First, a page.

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Men and women really are living on different planets when it comes to their personalities. Researchers, from Italy and the Manchester Business School,

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Presentation on theme: "Men and women really are living on different planets when it comes to their personalities. Researchers, from Italy and the Manchester Business School,"— Presentation transcript:


2 Men and women really are living on different planets when it comes to their personalities. Researchers, from Italy and the Manchester Business School, say the reason we think men and women are similar is that we have been using the wrong methods to assess them.

3 Women scored higher than men on: Sensitivity Self-reliance WarmthTension Apprehension Men outscored women on: Dominance Vigilance Emotional Stability Openness to change Rule-consciousness The Distance Between Mars and Venus: Measuring Global Sex Differences in Personality Public library of Science One Journal |

4 Gender issues The term ‘gender issues’ refers to the social and educational aspects of the pupil’s being male or female.

5 Girls do better than boys at school.

6 Boys should be allowed to wear skirts to school, says children's tsar Mr Baillie said ‘We should be rejecting discriminatory practice and allowing our children and young people to express themselves. 'I would agree that gender specific uniforms or dress codes can cause serious distress in gender-variant pupils. Read more: childrens-tsar-adds-support-schoolboys-battle-wear-skirt- school.html#ixzz1mLOC3x2G childrens-tsar-adds-support-schoolboys-battle-wear-skirt- school.html#ixzz1mLOC3x2G

7 Boy wears skirt to school in protest against 'discrimination' A 12-year-old boy has worn a skirt to school in protest against ''discriminatory'' rules which ban boys from wearing shorts.

8 1986




12 SubjectBoysGirls English6679 Maths67 Any Science7375 E & M & S6167 Geography6675 History6774 Any MFL6777 Any D & T5673 2010/11 - Achieved grades A*-C of those attempting the subject DfE: GCSE and Equivalent Results in England, 2010/11 (Provisional)

13 "A lazy youth becomes a burden to those parents, whom he ought to comfort, if not support. But you can no more rouse them, with all of their fine arguments, than you can a log. There they lie, completely enchained by indolence… Business tires him; reading fatigues him; the public service interferes with his pleasures. Ask him what he has done with his morning – he cannot tell you; for he has lived without reflection, and almost without knowing whether he has lived at all!" William Alcott's The Young Man's Guide (1831),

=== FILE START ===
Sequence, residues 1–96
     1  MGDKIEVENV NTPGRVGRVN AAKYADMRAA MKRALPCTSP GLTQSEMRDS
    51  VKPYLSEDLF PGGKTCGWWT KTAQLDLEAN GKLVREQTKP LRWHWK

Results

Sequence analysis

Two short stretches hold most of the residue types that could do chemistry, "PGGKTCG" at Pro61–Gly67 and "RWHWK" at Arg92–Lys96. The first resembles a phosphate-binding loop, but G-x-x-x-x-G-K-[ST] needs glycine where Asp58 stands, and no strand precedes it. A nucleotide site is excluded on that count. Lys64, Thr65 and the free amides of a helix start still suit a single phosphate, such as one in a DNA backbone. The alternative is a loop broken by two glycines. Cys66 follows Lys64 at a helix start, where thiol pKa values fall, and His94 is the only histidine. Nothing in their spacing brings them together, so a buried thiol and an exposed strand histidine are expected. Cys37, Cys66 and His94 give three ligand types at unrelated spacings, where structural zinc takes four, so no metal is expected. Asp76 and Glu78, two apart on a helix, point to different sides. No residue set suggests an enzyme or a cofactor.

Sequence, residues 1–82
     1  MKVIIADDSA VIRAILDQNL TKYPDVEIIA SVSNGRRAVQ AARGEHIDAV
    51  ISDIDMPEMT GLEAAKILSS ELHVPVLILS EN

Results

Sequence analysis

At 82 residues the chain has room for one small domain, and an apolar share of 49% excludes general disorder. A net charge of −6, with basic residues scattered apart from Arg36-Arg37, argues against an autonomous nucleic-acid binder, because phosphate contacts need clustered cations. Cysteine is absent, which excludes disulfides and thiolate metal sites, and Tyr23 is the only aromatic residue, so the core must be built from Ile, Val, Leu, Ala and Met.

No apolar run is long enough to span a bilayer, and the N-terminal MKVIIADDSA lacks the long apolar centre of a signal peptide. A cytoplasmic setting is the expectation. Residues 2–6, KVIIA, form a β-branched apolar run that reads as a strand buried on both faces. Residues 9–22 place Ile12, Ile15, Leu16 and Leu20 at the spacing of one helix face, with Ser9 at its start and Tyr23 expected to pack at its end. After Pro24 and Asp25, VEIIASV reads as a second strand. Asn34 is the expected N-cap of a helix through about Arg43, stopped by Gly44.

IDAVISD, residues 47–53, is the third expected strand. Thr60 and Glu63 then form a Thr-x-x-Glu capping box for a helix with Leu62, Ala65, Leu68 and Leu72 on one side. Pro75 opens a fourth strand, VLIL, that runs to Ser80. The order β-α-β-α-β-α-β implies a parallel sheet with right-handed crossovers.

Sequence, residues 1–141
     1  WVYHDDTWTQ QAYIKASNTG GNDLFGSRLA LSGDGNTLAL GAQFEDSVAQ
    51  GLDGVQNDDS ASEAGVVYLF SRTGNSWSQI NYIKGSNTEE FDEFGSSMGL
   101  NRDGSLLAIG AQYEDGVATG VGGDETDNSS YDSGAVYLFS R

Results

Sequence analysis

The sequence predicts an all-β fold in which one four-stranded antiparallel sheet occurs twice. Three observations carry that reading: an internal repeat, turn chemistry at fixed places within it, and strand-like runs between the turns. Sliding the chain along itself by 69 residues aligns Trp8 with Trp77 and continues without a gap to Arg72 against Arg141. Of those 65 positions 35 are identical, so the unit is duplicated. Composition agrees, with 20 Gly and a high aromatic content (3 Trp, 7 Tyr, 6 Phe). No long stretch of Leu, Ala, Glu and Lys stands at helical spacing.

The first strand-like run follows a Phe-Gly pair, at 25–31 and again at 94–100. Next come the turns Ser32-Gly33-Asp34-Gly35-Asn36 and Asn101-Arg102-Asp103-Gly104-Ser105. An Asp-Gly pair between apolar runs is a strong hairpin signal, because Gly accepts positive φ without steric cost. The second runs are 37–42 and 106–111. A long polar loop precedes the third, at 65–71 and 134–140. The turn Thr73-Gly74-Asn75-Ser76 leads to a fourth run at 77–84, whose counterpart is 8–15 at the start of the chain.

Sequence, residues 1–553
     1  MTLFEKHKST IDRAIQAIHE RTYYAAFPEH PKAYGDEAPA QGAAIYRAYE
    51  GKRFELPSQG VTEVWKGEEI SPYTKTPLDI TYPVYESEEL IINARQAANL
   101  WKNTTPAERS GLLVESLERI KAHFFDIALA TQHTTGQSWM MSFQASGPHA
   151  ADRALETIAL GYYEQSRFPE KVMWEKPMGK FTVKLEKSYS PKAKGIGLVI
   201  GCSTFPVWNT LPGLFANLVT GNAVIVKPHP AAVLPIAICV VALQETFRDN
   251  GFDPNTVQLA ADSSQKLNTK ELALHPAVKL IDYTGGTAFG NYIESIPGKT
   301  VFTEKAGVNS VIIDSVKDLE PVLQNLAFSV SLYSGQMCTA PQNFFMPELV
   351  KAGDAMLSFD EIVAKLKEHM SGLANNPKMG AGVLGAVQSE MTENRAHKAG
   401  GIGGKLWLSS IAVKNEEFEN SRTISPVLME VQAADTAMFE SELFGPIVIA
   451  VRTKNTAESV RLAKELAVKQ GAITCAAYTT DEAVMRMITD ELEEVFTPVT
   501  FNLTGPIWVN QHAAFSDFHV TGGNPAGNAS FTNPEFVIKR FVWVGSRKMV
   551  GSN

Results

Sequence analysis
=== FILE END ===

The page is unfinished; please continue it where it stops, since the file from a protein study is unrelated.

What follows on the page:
14 Coursework vs. exams - Study of GCSE Maths (Stobart, 1992): Boys achieve a small mark advantage in exams, which offset girls’ small advantage in coursework. -Creswell (1990): 1989 GCSE exams in English, Maths and Science. Girls’ marks for coursework higher; Maths and Science: Boys’ marks for exams higher. -Ranking of subjects in terms of coursework (Stobart et al. 1992), Improved performance of girls directly related to the weighting and type of coursework

15 Girls v Boys In contrast to girls’ underachievement in the 70s and 80s, the underperformance of boys has attracted substantial concern, resulting in a number of government funded projects and interventions.

16 Strategies to raise boys’ achievement, if successful, are also likely to raise girls’ achievement, and thus perpetuate the gender gap. It has been argued that any strategy to raise boys’ achievement should not be done in a way that could be detrimental to girls’ social or academic progress. There is not a case for boy-friendly pedagogies – pedagogies that appeal to and engage boys are equally girl-friendly.

17 Boys Analysis of the past 25 years of research papers on gender show that boys display more confidence in the classroom and see themselves as more academically able than they are. are more likely to blame poor results on extrinsic factors, such as teachers or examination practices.

18 University Trends More women than men go to University in the USA and UK. Girls continue to opt out of mathematics and science in the later stages of their educational careers. Boys still dominate science and technology at A- level and enter higher education to study these subjects in larger numbers. Men outperform women in science at all grades. Women have not improved their average science achievement scores since 1996. SWE-AWE-CASEE ARP Resources – Gender Differences in Science Performance. SWE-AWE CASEE Overviews. Retrieved from The DfES Standards Site: Gender and Achievement3